InitialLOBFetchSize is -1. Beginning with Oracle Database 10g Release 2, you can set the InitialLOBFetchSize property to a value of -1. When the property is set to this value, the total amount of LOB data in a column is returned during the read operation. When you use this value, you don't have to include a primary key, ROWID, or unique column in the statement's select list. However, you can't work with the LOB as an object in this case, because the GetOracleBlob and GetOracleClob typed accessors aren't available when InitialLOBFetchSize is -1. You must use another method of retrieving the LOB data, such as the GetBytes or GetChars method.

Strategy

Thanks to new features and fewer constraints, it's now easier and more powerful to work with LOB data and ODP.NET using Oracle Database 10g Release 2. As a developer you no longer must choose between flexibility and performance by using GetOracleBlob and GetOracleClob instead of setting the InitialLOBFetchSize property. You're now free to enjoy increased performance by setting the InitialLOBFetchSize property, as well as enjoy the benefits of working with LOB data as an object.

When developing a new application, you have choices to make. Making the best choices for your application involves using the available features in a way that makes sense for your needs. There are always boundary conditions and exemptions from any guideline; however, I've found that setting the InitialLOBFetchSize property appropriately and taking advantage of the new performance features and enhancements in Oracle Database 10g Release 2 results in a more flexible and better-performing application.

Next Steps


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When determining the appropriate value for the InitialLOBFetchSize property, I typically ask myself two questions: 

  • Do I know the size of the LOB data at design time?

  • Is the LOB data uniform in size or does it vary widely?

If I don't know the size of the LOB data at design time, I simply allow the InitialLOBFetchSize property to assume its default value of 0. If I do know the size of the LOB data, I ask myself the second question. If the size of the LOB is mostly uniform, meaning that each LOB is approximately the same size, I set the value of the InitialLOBFetchSize property to a value that includes at least 80 percent of the database rows. If the LOB data is highly uniform, meaning that each LOB is the exact same size, I set the value of this property to that size. On the other hand, if the size of the LOB data varies greatly, I again allow the InitialLOBFetchSize property to default to 0. Of course, each application is different; only you can truly determine if your data is uniform or diverse in size and what the appropriate setting for this property should be.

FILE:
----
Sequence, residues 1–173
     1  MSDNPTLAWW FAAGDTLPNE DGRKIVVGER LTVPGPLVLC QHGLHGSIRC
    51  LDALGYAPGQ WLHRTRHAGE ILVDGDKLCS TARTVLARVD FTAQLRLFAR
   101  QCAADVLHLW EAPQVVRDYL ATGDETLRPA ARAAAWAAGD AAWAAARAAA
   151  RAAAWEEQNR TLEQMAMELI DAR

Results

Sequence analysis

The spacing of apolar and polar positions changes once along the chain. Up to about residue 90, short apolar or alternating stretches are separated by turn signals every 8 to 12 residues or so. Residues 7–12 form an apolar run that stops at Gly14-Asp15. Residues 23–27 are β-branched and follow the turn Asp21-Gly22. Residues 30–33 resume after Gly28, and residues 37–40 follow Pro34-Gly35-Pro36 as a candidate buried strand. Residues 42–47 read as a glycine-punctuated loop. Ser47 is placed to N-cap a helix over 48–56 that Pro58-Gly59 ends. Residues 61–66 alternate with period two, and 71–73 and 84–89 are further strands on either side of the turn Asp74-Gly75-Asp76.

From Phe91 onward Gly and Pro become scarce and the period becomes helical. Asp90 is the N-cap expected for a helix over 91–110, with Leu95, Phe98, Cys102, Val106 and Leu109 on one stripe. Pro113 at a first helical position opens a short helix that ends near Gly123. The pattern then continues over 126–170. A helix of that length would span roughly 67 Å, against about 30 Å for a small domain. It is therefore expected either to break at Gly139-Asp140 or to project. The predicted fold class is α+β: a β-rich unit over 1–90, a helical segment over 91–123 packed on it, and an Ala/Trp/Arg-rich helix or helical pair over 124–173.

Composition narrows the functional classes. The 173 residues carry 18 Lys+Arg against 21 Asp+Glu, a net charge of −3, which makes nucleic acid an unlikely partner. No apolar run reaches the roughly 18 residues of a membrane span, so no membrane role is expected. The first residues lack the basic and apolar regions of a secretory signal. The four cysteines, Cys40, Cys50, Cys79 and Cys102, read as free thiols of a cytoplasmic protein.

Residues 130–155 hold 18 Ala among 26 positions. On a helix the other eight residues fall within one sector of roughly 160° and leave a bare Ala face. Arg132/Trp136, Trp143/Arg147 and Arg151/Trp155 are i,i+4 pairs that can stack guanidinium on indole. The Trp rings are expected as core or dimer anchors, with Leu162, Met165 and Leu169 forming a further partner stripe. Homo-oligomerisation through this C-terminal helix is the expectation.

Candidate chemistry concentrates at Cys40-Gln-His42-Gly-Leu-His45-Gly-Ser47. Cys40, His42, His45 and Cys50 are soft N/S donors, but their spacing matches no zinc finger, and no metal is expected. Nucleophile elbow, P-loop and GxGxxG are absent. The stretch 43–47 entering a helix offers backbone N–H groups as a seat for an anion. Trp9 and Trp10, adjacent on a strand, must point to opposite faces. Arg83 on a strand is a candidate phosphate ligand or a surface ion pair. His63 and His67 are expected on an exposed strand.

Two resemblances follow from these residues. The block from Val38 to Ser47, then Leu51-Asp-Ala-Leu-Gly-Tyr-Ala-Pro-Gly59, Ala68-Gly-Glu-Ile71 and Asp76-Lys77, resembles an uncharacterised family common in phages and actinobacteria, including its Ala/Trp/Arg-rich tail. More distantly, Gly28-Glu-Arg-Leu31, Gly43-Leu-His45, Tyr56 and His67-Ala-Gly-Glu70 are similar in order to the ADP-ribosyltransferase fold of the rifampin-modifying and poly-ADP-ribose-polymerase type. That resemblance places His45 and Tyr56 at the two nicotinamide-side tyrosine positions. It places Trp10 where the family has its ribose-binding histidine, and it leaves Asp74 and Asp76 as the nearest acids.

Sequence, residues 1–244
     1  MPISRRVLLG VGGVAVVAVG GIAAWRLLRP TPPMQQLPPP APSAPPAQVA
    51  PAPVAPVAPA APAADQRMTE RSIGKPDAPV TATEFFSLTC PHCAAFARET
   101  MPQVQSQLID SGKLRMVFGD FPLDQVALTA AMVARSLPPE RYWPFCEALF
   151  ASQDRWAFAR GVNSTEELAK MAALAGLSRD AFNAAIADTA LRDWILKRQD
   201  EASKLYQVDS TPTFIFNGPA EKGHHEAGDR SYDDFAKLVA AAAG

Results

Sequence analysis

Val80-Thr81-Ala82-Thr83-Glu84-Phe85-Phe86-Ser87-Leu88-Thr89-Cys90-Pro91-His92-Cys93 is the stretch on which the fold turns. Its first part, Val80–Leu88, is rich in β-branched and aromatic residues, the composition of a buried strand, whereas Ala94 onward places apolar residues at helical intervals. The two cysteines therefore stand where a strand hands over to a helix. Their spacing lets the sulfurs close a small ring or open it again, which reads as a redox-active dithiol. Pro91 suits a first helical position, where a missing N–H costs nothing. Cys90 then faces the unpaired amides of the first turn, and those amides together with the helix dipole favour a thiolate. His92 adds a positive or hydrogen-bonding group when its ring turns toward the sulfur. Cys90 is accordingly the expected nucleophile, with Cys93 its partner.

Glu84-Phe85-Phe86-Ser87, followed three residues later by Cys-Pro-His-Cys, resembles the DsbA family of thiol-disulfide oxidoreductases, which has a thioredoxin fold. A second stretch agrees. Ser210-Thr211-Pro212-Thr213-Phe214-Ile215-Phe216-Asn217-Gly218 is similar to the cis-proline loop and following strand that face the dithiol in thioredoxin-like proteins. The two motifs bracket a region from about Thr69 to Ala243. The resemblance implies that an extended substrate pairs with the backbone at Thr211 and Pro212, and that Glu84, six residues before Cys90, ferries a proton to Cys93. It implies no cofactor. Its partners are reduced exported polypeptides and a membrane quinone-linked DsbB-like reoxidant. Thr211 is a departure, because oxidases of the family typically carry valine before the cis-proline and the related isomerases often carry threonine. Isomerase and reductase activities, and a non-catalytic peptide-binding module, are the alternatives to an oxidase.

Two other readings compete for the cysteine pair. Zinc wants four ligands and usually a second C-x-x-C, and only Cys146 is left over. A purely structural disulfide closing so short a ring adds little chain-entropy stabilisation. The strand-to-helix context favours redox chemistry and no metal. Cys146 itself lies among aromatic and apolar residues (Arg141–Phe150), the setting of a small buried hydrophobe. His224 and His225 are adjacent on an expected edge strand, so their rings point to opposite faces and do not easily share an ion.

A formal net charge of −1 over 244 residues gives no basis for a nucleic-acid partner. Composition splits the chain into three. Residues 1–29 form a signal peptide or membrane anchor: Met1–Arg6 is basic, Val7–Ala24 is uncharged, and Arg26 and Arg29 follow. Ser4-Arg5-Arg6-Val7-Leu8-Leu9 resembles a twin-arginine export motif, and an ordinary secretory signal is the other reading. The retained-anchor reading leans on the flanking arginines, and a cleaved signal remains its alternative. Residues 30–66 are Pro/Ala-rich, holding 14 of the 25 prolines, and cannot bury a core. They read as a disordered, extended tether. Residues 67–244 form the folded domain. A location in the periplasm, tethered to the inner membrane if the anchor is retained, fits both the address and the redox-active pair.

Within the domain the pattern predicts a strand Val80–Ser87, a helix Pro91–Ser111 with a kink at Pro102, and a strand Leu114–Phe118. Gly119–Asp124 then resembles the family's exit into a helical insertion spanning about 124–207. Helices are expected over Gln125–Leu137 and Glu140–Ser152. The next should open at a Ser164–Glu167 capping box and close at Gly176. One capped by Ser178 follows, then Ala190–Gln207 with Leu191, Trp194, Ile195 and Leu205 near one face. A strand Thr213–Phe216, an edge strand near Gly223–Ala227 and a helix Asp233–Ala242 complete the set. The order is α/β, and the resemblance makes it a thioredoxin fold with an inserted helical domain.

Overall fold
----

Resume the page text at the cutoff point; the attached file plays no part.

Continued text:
Code Listing 1: Retrieve and display an image stored as a BLOB 

private void btnDisplay_Click(object sender, System.EventArgs e)
{
  // create and open connection
  // change for your environment
  string connStr = "User Id=pm; Password=pm; Data Source=ora10gR2; Pooling=false";
  OracleConnection con = new OracleConnection(connStr);
  con.Open();

  // statement to get a blob
  string sql = "select ad_composite from print_media where product_id=3106 and ad_id=13001";
  
  // create command object
  // InitialLOBFetchSize defaults to 0
  OracleCommand cmd = new OracleCommand(sql, con);

  // create a datareader
  OracleDataReader dr = cmd.ExecuteReader();

  // read the single row result
  dr.Read();

  // use typed accessor to retrieve the blob
  OracleBlob blob = dr.GetOracleBlob(0);

  // create a memory stream from the blob
  MemoryStream ms = new MemoryStream(blob.Value);
    
  // set the image property equal to a bitmap
  // created from the memory stream
  pictureBox1.Image = new Bitmap(ms);
}


Implementation

As with earlier releases, Oracle Database 10g Release 2 ships with a set of sample schemas. The PM sample schema contains a table called print_media that you can use to test LOB data access. The sample code in Listing 1 illustrates a basic method of retrieving an image stored in the BLOB column called ad_composite . This simple Windows application project contains a button called btnDisplay and a picture box called pictureBox1 . Because I don't know the size of the data stored in the ad_composite column, I've allowed the InitialLOBFetchSize property to default to a value of 0. Running the code in Listing 1 shows the result in Figure 1.

 

figure 1
Figure 1



Mark A. Williams (mawilliams@cheshamdbs.com) is an Oracle ACE, Oracle Certified Professional DBA, and the author of Pro .NET Oracle Programming (Apress, 2004). Williams focuses on solutions for Oracle on Windows and contributes to the Oracle Data Provider for .NET forums on the Oracle Technology Network.